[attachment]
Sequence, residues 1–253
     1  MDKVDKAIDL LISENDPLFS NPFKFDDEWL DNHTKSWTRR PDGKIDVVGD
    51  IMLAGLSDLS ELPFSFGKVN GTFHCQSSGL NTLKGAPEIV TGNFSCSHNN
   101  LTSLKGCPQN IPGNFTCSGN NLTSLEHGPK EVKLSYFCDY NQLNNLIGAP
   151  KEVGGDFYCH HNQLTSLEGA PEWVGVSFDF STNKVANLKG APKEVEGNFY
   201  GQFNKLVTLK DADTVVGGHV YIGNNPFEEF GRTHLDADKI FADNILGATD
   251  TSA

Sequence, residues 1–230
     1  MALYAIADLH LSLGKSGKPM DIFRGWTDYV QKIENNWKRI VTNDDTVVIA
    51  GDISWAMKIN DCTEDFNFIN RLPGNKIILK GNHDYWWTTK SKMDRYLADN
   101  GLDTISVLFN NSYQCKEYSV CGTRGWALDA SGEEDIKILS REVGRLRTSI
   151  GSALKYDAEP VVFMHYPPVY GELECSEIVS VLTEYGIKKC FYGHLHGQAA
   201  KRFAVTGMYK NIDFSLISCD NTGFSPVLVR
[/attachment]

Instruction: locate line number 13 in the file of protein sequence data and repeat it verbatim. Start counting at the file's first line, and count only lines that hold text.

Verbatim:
   201  KRFAVTGMYK NIDFSLISCD NTGFSPVLVR